This week's theme at Illustration Friday is "muddy." I'm feeling this one as snow melts and the driveway and walkways become mud pits. I also feel a sodden metaphorical weight as obligations increase, health stumbles a bit, and suddenly I don't seem able to do as much as I would like.
I'm afraid that my output on this blog is suffering for it not being my highest priority. But for Illustration Friday the last few weeks, I might not have posted at all. Still, I remain firmly committed to at least one blog post a week and will try to ratchet up the frequency. But who can say?
In the interest of keeping any and all who might be reading this post updated on all things Bungy in the blogosphere, here's a short list of links where you can find me (as well as items of interest):
- I've been contributing a bit over at the "poemicstrips" blog, including a very exciting project putting together an issue of Xerolage on the theme of dialogue balloons. Check out the open call for participation here and then check out the other beautiful work on the blog. Consider posting a link in response to the current Poemic Inquiry prompt "What might a love/romance poemic look like?"
- @Platea recently completed is sixth project, "PlateaKnit." It was a wonderful collaborative project thematically linking fibre crafts with networking and producing a crowdsourced knitting pattern on Twitter. You can read about the project here, and check back at the blog as we anticipate a wrap-up post soon including lots of pictures of the works people produced.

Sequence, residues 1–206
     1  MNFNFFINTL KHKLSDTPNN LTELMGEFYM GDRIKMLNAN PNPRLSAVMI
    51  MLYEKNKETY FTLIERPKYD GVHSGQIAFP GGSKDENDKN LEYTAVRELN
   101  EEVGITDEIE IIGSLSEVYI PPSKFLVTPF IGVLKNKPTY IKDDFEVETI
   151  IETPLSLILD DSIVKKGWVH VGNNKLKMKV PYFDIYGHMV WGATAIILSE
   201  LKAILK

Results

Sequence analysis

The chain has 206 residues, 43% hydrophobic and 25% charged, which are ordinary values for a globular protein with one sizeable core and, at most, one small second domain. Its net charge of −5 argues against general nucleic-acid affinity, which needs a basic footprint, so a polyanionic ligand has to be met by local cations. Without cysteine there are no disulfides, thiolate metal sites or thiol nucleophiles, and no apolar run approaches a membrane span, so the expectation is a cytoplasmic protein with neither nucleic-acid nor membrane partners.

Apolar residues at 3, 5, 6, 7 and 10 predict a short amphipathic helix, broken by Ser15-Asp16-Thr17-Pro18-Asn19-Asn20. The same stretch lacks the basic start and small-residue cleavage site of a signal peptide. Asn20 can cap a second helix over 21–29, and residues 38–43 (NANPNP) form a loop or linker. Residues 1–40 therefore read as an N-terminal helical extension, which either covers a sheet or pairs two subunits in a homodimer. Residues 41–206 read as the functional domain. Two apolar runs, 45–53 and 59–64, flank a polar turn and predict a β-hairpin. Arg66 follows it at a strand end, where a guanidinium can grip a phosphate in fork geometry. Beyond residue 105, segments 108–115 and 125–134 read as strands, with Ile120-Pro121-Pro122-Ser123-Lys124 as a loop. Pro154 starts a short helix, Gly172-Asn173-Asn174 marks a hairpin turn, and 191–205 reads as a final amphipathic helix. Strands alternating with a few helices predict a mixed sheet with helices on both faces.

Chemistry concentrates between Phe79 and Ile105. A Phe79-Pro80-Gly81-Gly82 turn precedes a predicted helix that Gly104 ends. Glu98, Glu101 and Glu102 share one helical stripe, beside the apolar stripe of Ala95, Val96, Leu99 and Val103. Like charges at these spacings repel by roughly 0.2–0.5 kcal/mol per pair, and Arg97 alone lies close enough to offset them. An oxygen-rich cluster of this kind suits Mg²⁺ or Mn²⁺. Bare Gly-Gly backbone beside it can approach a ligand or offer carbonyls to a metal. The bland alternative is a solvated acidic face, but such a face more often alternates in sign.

- I follow Artspark Theatre regularly. Recently, one of my comments was highlighted there as both a post and an invitation to others to do art. I'll be posting my contribution here soon to Susan's Valentine's challenge. Artspark Theatre is another one of those gems of a blog that never disappoints. I only wish I could post with something more like Susan's frequency (and, well, depth).
- I've been following Andre Molotiu's "Abstract Comics" blog, including both amazing artworks and really sophisticated analysis of classic comics. I comment regularly there, but lately Andrei's post about similarities between our contemporary reception of comics compared to 18th Century debates over musical form has really got me thinking.
- Finally, Piotr Szreniawski has started a new blog for "experimental comics." It's new and eager for both regular readers and contributors. Why yet another blog? Well, his thinking is that many of us are doing work with comics that aren't quite poemics and aren't quite abstract comics. This is a place to share that work under the broader rubric, "experimental."
So, did I mention I have a day job? Quite a busy one, too. And yet, somehow we make time for the work that matters, whether it happens at work or on our own time. Maybe I'm less stuck in the mud than just really committed to getting my hands dirty.